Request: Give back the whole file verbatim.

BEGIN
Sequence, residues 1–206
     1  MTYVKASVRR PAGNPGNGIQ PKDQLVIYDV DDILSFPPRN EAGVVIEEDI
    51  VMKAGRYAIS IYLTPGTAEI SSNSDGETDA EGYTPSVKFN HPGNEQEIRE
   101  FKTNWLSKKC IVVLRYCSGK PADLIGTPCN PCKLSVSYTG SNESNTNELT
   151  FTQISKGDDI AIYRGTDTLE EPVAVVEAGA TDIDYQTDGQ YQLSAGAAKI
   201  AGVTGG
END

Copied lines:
Sequence, residues 1–206
     1  MTYVKASVRR PAGNPGNGIQ PKDQLVIYDV DDILSFPPRN EAGVVIEEDI
    51  VMKAGRYAIS IYLTPGTAEI SSNSDGETDA EGYTPSVKFN HPGNEQEIRE
   101  FKTNWLSKKC IVVLRYCSGK PADLIGTPCN PCKLSVSYTG SNESNTNELT
   151  FTQISKGDDI AIYRGTDTLE EPVAVVEAGA TDIDYQTDGQ YQLSAGAAKI
   201  AGVTGG